- About Us
- Local Savings
- Green Editions
- Legal Notices
- Weekly Ads
Connect with Us
Courts show mercy to people owing money
Folks who owe money on unpaid traffic tickets or other kinds of fines through district and municipal courts can get off the financial hook at a greatly reduced rate under a “debt reduction / relicensing program” this month.
Island County District Court and the municipal courts of Oak Harbor, Coupeville and Langley are taking part in the program along with about 100 other courts in the state.
The debt reduction program will undoubtedly be welcome during tough economic times, but it will also lead to fewer unlicensed drivers on the roads.
“The primary objective of this program is to make it easier for persons to obtain a valid license as well as allow persons to take care of non-traffic matters with the court,” District Court Judge Peter Strow said.
For people with outstanding tickets and fines, the savings will be substantial. The district and municipal courts on the island will waive the $52 late fee penalty on matters that have not yet been forwarded to collections, offer reductions for pre-collections, past-due accounts infractions, and work with collection agencies to waive interest and a significant portion of collection costs on both traffic and non-traffic matters.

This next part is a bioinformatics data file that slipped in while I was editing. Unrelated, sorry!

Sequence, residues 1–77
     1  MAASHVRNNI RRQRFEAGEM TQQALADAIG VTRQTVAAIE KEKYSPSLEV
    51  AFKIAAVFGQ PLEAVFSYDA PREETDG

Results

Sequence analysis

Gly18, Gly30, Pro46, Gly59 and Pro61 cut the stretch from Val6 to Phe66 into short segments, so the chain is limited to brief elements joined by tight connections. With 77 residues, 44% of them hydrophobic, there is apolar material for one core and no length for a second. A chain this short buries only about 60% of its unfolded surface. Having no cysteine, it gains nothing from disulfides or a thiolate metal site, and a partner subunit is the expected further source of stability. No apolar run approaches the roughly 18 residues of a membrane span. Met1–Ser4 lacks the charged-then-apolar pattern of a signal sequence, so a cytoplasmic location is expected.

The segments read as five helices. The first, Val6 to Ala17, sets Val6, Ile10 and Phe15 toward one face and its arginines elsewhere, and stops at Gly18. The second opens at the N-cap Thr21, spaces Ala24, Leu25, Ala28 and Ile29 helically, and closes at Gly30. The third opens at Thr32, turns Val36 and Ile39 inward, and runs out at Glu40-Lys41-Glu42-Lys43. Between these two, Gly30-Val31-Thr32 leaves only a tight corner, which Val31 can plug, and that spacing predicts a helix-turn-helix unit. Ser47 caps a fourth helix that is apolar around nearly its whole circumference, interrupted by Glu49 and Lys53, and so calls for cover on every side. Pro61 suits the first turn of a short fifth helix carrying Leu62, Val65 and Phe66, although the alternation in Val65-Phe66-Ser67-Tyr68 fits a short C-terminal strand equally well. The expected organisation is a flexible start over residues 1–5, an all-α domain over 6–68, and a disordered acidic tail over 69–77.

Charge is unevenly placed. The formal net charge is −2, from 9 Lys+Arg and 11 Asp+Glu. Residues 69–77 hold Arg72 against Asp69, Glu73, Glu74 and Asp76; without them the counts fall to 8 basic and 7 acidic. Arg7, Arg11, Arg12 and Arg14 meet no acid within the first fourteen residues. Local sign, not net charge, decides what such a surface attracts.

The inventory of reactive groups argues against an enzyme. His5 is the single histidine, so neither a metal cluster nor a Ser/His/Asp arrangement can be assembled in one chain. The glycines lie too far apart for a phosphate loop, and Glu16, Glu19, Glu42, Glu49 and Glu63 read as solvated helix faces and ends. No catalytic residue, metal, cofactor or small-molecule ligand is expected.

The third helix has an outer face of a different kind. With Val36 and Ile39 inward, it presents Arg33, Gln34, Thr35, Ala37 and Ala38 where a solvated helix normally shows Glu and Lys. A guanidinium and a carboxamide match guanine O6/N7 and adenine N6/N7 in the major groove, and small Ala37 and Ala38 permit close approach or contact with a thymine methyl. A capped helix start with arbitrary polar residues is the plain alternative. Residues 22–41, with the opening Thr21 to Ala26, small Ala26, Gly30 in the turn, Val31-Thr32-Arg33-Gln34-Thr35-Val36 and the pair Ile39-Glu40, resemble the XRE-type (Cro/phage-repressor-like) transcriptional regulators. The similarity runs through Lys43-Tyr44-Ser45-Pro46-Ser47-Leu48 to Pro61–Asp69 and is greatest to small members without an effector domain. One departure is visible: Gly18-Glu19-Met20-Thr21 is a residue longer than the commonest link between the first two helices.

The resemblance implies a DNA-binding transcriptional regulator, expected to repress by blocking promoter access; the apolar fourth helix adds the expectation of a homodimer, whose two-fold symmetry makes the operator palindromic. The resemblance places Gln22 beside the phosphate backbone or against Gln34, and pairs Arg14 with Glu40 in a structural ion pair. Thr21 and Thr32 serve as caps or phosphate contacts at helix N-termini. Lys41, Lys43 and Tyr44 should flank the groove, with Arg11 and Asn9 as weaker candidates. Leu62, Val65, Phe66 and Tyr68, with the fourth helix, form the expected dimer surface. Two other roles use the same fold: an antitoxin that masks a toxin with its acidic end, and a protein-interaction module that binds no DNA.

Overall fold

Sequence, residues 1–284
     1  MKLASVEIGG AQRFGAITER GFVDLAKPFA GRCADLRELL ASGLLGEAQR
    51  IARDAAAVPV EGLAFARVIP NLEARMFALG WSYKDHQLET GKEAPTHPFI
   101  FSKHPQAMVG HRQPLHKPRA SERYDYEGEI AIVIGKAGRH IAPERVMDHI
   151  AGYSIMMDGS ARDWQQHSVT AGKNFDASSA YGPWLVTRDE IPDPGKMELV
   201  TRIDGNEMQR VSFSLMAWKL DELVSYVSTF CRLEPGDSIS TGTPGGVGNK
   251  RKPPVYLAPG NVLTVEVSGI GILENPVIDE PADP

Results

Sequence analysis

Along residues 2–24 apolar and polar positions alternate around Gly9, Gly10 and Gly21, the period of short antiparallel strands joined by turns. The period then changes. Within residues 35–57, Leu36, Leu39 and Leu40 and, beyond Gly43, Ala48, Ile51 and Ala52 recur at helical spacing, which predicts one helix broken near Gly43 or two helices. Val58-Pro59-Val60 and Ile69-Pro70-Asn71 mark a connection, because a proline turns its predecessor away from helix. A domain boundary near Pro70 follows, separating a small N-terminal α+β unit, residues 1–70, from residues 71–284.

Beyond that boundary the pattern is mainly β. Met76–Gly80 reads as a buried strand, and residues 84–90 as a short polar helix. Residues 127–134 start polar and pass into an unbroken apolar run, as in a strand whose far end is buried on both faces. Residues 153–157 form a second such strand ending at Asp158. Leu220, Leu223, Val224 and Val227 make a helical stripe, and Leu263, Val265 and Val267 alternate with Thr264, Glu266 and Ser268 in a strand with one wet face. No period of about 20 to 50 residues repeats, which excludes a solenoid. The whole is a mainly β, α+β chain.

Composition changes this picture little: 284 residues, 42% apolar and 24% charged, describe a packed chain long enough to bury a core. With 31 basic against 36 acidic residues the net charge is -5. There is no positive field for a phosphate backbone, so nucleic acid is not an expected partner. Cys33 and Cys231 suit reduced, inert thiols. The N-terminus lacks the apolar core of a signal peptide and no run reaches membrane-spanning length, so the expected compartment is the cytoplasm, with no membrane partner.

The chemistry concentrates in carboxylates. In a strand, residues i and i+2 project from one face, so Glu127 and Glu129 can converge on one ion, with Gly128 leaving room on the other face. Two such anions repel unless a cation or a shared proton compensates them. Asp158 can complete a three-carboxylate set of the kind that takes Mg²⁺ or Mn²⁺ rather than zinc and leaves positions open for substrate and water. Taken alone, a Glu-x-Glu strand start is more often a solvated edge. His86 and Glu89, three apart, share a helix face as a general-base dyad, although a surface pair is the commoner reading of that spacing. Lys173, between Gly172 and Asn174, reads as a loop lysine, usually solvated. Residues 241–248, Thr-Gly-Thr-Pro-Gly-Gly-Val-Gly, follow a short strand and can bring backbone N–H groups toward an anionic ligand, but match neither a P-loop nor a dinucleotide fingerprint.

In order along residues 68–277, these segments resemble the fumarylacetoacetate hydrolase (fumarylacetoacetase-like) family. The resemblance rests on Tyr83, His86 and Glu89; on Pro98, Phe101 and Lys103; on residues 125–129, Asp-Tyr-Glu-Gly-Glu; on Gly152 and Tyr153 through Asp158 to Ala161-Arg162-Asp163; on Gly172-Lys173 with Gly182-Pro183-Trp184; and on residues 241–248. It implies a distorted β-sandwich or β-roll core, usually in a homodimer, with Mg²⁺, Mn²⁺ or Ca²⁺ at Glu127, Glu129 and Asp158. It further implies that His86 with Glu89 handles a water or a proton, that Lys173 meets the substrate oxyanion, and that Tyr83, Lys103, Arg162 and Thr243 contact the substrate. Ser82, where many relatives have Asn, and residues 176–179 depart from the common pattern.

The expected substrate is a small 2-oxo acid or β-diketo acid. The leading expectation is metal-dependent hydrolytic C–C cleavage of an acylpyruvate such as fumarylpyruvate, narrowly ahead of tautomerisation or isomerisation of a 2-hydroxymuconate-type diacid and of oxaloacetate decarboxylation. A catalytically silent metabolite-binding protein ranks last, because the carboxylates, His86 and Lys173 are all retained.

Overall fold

The court is offering the program from May 1 through May 31, 2009. Those with outstanding tickets or fines should contact the court by calling 360-675-5988.
If people know which collection agency to contact, they may also contact the collection agency directly. Clerks will also be able to provide names of other courts where fines may be outstanding.
One of the main goals of the program is to assist citizens with regaining driver’s licenses after being revoked due to unpaid fines and fees. Once tickets are paid in full and reported to the court, the court will notify the Washington State Department of Licensing to clear the driving record. The driver may be able to obtain a valid driver’s license 48 hours later if no other offense on the driving record prevents it.